Probation is a period of court-ordered supervision in which an offender convicted of a crime must comply, often in place of incarceration or prison sentence. Violating the terms of probation can result in more severe consequences, including extending the period's length or revoking the probation altogether.
Georgia is known for having strict probation violation laws, including harsh penalties for violating the terms of probation. For instance, probation officers in Georgia have the authority to arrest individuals who violate the terms of their probation immediately. Those individuals may be detained without bail until a hearing takes place.
Additionally, the state has implemented a "three strikes" law that can result in an individual receiving a lengthy prison sentence if they violate their probation terms three times. However, it is worth noting that the severity of probation violation laws can vary from state to state, and what constitutes a "harsh" law is subjective and open to interpretation.
Under Georgia Code § 48-8-35 (2017)'s terms and conditions, the probationer shall:
Violating your probation could result in additional penalties. Depending on the nature of your violation, these penalties may include revocation of your probation, additional fines, jail term, and community service.
You can fight your probation violation charges. The Bullard Law Firm can provide the legal advice and assistance you need to challenge your case. Our team can negotiate a plea agreement, challenge the evidence against you, and provide aggressive representation in court.
Failing to comply with the terms of felony probation constitutes felony probation violations. Examples of felony probation violations include:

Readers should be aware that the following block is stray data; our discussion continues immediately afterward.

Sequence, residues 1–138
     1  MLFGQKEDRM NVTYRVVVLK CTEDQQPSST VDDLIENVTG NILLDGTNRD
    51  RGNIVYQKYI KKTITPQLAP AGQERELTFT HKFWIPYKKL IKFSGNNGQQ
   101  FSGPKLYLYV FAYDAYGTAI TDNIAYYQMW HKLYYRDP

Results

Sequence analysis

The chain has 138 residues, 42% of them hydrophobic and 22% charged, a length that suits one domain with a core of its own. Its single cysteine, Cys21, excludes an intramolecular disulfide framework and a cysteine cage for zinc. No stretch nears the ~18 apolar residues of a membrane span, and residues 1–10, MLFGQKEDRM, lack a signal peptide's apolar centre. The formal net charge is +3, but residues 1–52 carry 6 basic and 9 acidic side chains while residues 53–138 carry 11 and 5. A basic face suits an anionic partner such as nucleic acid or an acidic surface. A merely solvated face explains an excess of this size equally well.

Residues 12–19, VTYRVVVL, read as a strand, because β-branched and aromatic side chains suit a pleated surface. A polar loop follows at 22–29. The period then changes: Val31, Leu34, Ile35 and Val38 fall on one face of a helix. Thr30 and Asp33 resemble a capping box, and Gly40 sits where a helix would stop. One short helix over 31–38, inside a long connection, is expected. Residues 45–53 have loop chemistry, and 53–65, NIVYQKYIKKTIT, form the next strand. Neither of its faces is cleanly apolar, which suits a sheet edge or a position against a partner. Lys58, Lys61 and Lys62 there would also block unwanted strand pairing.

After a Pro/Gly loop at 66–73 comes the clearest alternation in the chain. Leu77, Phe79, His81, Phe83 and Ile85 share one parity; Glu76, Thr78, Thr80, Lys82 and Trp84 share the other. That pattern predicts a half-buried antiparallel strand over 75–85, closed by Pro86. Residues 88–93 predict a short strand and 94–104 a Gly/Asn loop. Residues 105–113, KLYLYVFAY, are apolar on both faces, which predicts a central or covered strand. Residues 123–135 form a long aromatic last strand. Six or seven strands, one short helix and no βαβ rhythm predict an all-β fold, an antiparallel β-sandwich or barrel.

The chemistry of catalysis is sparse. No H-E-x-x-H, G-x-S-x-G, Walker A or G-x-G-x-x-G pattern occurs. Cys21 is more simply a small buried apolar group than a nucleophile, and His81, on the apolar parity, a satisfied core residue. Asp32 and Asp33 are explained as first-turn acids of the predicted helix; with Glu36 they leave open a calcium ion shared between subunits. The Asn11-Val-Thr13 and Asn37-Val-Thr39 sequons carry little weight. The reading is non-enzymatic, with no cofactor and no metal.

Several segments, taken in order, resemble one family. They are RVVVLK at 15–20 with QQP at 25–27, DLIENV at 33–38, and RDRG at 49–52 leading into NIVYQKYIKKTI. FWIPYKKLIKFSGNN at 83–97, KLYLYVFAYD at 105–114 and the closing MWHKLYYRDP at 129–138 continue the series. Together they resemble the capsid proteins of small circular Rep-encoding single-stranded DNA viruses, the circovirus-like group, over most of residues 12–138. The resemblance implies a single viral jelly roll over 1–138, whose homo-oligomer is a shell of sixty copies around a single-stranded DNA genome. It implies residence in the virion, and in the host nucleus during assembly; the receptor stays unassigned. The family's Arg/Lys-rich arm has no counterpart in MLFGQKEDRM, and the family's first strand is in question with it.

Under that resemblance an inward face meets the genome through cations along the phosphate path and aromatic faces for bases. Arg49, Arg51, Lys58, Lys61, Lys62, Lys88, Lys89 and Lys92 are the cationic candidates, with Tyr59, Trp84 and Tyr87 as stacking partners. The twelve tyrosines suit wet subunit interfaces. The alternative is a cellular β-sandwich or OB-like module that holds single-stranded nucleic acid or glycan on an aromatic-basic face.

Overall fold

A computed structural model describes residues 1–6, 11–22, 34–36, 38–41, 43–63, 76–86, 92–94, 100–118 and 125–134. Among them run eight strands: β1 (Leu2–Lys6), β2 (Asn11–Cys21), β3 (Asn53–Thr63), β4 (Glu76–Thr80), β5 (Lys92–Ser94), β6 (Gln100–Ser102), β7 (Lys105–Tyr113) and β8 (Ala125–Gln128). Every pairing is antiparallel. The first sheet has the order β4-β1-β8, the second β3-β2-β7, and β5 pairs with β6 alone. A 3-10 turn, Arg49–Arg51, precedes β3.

These violations in Georgia are taken seriously and can result in severe consequences. Based on the severity of the violations and your criminal history, you may face an increased probation period, additional fines, a prison sentence, or community service.
The amount of jail time for probation in Georgia can vary greatly depending on the circumstances of the violations. The judge can decide the next course of action if your probation is revoked.
You may be required to serve the rest of your sentence in prison or jail, and the jail term will depend on the length of your original sentence and the amount of probation you completed.
The consequences of a probation violation in Georgia can be detrimental, so it is best to take any accusations against you seriously. If you are facing a probation violation accusation, contact a seasoned criminal defense lawyer as soon as possible.
The Bullard Firm LLC can help defend against your probation violation accusations. Contact us at (404) 954-0598 to schedule a consultation and speak with our leading Atlanta probation violation attorney, Brandon Bullard.